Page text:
“Working in isolation is never as effective as collaboration,” said Amy Huntington, president of Philips Lighting Americas. “We believe that great partnerships encourage great results. That’s why we’re pleased to have had the opportunity to support the Watt Family Innovation Center. … I know that the work and the programs supported by the Watt Family Innovation Center will make a meaningful impact and ensure a bright future for generations to come.”
Thousands of Clemson fans came from near and far to cheer the Tigers on at the Russell Athletic Bowl in January. The Alumni Association, IPTAY and the Orlando Clemson Club sponsored a variety of events to welcome the faithful to Orlando.
The night before the game, more than 300 fans invaded Miller’s Ale House for an event sponsored by the Orlando Club. Participants enjoyed live music and a silent auction that raised money for scholarships. Fans also enjoyed a “Pre-Tailgate Tailgate” on game day, sponsored by the club.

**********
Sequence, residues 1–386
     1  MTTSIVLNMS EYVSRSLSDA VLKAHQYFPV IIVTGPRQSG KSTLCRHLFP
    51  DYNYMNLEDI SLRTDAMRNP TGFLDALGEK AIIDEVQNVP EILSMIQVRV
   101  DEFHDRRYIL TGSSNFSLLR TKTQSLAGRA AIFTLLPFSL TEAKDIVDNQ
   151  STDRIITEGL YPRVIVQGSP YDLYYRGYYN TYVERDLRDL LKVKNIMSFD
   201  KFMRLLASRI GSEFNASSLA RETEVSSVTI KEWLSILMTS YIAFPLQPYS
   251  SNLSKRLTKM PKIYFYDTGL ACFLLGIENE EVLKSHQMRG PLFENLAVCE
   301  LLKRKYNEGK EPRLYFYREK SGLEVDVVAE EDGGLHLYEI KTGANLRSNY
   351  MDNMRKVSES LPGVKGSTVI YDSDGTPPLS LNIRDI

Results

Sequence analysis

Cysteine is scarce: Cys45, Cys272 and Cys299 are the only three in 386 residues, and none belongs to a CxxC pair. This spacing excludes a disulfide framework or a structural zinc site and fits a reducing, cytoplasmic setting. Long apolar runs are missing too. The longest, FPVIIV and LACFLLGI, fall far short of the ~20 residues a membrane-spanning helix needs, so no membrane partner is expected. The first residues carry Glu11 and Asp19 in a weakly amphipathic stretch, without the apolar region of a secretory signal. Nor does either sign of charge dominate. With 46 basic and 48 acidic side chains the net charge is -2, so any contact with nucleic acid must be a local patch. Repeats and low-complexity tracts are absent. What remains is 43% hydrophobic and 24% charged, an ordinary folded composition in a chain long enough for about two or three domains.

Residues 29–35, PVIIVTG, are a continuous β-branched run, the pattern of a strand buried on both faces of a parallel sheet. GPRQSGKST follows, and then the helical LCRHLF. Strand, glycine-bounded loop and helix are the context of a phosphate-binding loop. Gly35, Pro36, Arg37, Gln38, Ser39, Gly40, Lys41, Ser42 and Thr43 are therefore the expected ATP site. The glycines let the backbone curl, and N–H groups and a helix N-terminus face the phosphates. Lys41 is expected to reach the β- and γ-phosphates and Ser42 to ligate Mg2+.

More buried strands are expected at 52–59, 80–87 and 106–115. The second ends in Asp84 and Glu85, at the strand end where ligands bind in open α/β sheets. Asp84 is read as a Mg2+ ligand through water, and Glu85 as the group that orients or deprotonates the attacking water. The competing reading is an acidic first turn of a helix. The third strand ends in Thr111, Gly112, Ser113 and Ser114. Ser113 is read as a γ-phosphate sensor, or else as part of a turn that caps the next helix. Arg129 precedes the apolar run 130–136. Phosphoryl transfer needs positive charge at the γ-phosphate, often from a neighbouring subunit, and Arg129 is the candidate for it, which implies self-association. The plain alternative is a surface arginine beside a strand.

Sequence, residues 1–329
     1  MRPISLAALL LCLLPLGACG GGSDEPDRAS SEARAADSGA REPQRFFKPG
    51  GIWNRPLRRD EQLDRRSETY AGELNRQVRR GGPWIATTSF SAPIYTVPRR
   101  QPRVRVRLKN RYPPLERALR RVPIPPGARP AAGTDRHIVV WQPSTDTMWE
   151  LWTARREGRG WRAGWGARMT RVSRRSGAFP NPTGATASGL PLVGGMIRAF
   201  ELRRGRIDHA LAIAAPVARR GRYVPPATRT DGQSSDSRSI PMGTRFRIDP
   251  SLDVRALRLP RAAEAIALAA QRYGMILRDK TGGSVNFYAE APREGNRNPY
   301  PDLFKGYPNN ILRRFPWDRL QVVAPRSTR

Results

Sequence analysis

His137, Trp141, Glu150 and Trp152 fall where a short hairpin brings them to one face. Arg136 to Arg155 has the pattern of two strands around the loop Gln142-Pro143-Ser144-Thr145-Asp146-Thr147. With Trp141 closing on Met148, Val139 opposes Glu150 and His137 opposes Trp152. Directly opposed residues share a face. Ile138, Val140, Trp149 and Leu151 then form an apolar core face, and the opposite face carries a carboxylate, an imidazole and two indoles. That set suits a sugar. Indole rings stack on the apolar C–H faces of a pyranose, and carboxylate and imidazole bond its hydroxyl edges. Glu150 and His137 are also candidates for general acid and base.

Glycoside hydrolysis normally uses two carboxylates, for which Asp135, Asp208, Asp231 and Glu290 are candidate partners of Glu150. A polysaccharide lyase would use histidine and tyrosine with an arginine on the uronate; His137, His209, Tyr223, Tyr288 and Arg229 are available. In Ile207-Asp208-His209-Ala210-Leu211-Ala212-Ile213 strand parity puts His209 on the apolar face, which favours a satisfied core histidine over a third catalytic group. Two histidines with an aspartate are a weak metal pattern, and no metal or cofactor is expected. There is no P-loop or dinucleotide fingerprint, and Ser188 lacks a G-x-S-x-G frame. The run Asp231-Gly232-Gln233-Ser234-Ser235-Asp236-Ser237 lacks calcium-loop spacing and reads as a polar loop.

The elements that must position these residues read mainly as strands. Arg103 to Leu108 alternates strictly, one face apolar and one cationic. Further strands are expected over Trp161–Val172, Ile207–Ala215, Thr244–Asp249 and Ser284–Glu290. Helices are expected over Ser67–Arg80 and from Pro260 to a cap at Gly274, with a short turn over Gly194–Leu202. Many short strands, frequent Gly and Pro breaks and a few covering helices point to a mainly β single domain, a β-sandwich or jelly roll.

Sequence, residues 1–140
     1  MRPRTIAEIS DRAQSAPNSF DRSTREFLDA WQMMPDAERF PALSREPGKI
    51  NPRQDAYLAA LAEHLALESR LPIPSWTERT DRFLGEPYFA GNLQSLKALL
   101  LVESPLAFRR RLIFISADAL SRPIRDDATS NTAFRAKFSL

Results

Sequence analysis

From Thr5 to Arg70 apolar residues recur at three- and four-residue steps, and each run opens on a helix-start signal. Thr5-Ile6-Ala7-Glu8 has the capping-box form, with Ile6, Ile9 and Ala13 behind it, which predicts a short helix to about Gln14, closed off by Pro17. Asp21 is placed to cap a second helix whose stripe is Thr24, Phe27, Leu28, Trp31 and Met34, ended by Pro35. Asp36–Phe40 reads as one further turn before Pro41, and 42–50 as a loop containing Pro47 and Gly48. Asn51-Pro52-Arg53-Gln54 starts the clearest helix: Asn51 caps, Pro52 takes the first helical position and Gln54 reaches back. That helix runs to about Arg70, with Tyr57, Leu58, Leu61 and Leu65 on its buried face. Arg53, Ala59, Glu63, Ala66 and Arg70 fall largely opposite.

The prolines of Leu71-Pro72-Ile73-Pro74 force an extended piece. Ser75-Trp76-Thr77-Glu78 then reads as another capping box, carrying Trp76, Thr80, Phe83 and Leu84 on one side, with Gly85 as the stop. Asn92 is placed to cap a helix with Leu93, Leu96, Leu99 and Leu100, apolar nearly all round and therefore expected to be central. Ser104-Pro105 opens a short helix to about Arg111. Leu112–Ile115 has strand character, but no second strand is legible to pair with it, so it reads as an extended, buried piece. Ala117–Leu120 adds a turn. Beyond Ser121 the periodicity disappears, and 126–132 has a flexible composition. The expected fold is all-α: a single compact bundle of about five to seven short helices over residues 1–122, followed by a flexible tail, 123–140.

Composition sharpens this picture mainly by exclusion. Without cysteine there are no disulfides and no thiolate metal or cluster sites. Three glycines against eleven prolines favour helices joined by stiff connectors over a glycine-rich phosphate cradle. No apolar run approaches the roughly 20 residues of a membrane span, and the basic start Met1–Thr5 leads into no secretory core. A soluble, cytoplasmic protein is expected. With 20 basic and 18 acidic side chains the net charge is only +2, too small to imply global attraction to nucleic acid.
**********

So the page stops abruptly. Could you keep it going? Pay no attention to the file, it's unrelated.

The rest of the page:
The Orlando Club and the Alumni Association found time for some good deeds as well, as they co-hosted a volunteer event during the bowl festivities. Alumni from the local area as well as Tigers traveling from out of town gathered at Clean the World on Sunday to sort donated hygiene products and prepare them for recycling. Clean the World collects and recycles hygiene products discarded by the hospitality industry and distributes them to impoverished people locally and around the world.